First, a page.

“My own article is about the ecological concept of refugia – small areas where particular species are able to survive, even while climatic conditions make it impossible to live elsewhere – and how this concept might help us understand why Neanderthals were living where they were at the end of the Middle Paleolithic. It's an ecological theory concept paper rather than a data one, unlike most of the articles in the special issue! While people often talk about site location in the Pleistocene as reflecting ‘refugia’ they frequently don't define what they mean by that term, and my article is an attempt to make the definitions clear, so we can actually test this hypothesis,” Jones said.
The possibility that some Neanderthals had survived longest in the Iberian Peninsula was raised by researchers in 1990, Straus said.
“In particular, the hypothesis of Neanderthal refugia in southern Iberia was one that I put forth in a pair of articles in the early ‘90s… There have been heated debates and a great deal of recent re-dating of both classic and new sites in northern, eastern, and southern Spain (including Gibraltar) and in southern Portugal,” Straus explained. “In several cases, recent ages for late-surviving types of stone tools – presumably made by Neanderthals – have been shown to be wrong, and there is some evidence that Upper Paleolithic artifacts made by anatomically modern Homo sapiens may have appeared not only in Cantabrian Spain and Catalonia in the north by about 43, 000 years ago, but at least spottily in the south by about the same time. However, there continues to be evidence that technology characteristic of Neanderthal culture did survive in the south. A major problem is the lack of actual bones—either of late Neanderthals or of early anatomically modern humans—in Spain and Portugal during the critical transitional period between about 45 to 40,000 years ago. Clearly, the two groups of humans were in contact both in Iberia and elsewhere, long enough to have both cultural and biological intercourse, but the Neanderthals were simply demographically swamped by the newcomers out of Africa – for reasons that remain mysterious.”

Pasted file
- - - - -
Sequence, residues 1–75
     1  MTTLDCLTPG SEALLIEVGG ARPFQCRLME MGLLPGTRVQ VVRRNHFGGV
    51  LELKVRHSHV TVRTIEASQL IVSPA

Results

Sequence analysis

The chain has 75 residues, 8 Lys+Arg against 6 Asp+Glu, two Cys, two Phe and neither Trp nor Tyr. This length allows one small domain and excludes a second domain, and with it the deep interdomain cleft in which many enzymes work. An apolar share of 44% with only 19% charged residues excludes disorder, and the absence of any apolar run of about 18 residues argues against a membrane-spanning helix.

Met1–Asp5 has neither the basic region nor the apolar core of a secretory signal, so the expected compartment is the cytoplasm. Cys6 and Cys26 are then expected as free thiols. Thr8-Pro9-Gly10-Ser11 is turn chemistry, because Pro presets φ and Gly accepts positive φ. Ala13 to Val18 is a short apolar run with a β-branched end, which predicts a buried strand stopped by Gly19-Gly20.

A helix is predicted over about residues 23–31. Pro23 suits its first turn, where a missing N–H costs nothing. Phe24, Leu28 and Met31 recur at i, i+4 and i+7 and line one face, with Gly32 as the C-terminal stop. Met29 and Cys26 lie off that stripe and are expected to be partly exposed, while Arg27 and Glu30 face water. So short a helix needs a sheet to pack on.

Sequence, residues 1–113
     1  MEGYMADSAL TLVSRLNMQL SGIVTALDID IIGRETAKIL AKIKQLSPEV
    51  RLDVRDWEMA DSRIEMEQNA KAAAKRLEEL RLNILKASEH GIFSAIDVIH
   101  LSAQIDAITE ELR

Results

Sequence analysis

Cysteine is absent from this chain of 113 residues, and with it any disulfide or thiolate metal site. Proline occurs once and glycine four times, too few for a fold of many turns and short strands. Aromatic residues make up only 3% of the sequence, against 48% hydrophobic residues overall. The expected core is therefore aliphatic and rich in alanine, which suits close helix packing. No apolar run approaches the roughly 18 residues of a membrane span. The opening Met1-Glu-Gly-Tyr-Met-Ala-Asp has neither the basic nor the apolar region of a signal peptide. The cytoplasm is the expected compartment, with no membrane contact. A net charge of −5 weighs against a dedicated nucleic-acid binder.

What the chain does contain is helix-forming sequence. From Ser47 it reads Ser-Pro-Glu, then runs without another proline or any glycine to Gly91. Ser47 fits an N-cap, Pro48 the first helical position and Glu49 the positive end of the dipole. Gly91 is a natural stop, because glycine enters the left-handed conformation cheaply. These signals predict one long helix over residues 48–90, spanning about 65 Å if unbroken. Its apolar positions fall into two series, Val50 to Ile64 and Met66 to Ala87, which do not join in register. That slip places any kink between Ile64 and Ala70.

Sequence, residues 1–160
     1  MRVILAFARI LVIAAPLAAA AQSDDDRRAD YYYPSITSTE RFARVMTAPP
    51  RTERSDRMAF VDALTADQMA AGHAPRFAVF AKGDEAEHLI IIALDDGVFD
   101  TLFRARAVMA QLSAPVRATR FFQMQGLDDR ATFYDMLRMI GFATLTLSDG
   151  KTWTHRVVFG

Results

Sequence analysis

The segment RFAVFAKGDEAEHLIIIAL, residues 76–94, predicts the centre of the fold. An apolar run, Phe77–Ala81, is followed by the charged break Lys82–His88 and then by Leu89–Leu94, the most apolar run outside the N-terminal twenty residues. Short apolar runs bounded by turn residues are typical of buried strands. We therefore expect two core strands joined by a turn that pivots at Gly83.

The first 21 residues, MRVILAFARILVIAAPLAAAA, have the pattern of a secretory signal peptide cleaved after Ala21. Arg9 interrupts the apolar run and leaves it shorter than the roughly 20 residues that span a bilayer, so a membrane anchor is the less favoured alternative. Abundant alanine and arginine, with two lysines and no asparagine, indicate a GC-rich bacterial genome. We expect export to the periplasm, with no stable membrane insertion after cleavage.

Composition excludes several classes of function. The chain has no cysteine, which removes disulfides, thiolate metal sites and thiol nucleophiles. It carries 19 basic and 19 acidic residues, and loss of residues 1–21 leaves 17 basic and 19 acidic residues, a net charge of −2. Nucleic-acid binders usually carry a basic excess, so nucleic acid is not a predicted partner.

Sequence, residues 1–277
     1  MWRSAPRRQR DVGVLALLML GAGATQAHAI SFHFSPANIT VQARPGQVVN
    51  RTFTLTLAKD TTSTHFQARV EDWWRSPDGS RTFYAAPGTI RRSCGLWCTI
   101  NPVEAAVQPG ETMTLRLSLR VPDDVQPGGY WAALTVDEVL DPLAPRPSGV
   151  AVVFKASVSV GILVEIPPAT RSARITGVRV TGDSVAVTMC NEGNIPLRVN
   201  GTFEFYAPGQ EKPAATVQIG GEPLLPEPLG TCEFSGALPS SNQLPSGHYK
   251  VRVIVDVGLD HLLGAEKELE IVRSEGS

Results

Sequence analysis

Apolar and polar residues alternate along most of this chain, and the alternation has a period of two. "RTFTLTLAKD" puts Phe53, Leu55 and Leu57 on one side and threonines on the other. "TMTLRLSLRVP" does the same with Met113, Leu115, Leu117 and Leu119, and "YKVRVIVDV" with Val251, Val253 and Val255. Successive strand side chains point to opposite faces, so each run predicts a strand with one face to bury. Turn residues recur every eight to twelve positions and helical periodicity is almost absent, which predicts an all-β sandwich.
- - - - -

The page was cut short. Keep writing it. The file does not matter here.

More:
“I have been involved in this debate over the decades and have been either formal or informal adviser of many of the main players in the key research… It is one of the most fascinating and enduring problems in paleoanthropology and goes to the heart of not only why the Neanderthals—so close to us anatomically, genetically, and culturally—ultimately failed, despite having interbred with Homo sapiens sapiens and thus having passed down some of their genes to us today,” he continued.
Carvalho explained why Jones’s, Straus’s and her studies are important in the field of Archaeology.
“Why Neanderthal populations disappeared and how modern humans dispersed throughout Eurasia are two of the most important anthropological and archaeological research questions of our time. How environmental or climate conditions affected these two human populations is key to resolving such questions. Research in Iberia, Italy and the Balkans has focused on these questions for decades, and this Special Issue was the perfect opportunity to bring together researchers interested in the same topic and highlight their work.”